The variety of these strong feelings permeated the inside of each tent. As students entered to hear the presentations, I watched their body language change from the typical adolescent stride to a retracted walk often seen when people enter a spiritual place. There was a kind of anxious reverence. When they exited the tents, their adolescent walk was slow to resume. As one would hope, their feelings and questions lingered, and it showed.
As I paid attention to students describing the various genocides, I heard a vulnerable and humbled quality in all of their voices. Whether they were describing the event or reading a first hand account, all were visibly shaken by what they were saying. Just as powerful were the reactions to the photos hanging on the walls—images of people who had lived and died in the various camps. The power of the material quite simply cut through the typical adolescent defenses and self-consciousness.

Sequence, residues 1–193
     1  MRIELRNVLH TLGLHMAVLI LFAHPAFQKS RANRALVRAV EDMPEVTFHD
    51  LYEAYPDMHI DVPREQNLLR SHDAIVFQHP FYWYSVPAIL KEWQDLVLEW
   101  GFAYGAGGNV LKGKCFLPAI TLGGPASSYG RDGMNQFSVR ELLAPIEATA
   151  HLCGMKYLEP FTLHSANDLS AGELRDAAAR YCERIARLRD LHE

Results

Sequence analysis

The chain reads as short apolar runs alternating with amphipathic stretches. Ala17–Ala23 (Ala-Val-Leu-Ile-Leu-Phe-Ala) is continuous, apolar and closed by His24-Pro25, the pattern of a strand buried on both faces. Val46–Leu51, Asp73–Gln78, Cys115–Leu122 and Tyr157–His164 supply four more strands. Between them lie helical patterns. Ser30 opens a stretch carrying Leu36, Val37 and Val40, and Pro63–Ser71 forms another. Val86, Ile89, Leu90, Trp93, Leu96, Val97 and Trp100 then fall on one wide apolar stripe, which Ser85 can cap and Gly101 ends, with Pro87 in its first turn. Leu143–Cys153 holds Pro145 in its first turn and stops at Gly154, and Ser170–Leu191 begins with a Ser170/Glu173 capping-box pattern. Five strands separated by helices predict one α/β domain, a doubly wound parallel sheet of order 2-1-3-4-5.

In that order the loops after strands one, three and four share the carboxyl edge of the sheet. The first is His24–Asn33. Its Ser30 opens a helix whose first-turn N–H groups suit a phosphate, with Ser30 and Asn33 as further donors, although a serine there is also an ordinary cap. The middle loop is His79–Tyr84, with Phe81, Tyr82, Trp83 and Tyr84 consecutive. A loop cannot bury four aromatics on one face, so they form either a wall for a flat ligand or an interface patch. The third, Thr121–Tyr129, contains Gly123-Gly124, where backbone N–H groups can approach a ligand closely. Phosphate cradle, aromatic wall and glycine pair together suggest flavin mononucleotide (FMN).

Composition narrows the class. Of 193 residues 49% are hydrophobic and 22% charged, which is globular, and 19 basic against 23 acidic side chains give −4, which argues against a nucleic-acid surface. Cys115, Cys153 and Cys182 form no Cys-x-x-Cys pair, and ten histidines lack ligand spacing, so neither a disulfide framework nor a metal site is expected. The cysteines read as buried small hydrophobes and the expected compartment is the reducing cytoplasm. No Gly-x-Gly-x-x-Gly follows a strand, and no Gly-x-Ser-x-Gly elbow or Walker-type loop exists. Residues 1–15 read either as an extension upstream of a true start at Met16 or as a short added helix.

Over the course of the day I spoke with students about their various responses to Camp Darfur. They were quite similar to my own. More impressive, however, was how articulate they were in how they related these experiences to the human condition, power and influence, leadership, group think, and a myriad of other nuanced emotions and concepts. They were maturing right in front of me.
When people ask me what is special about Brentwood, besides the outstanding academics and teachers, I frequently cite the additional focus on the development of emotional intelligence. In my mind, Camp Darfur is one of those clear-cut examples of emotional education in process.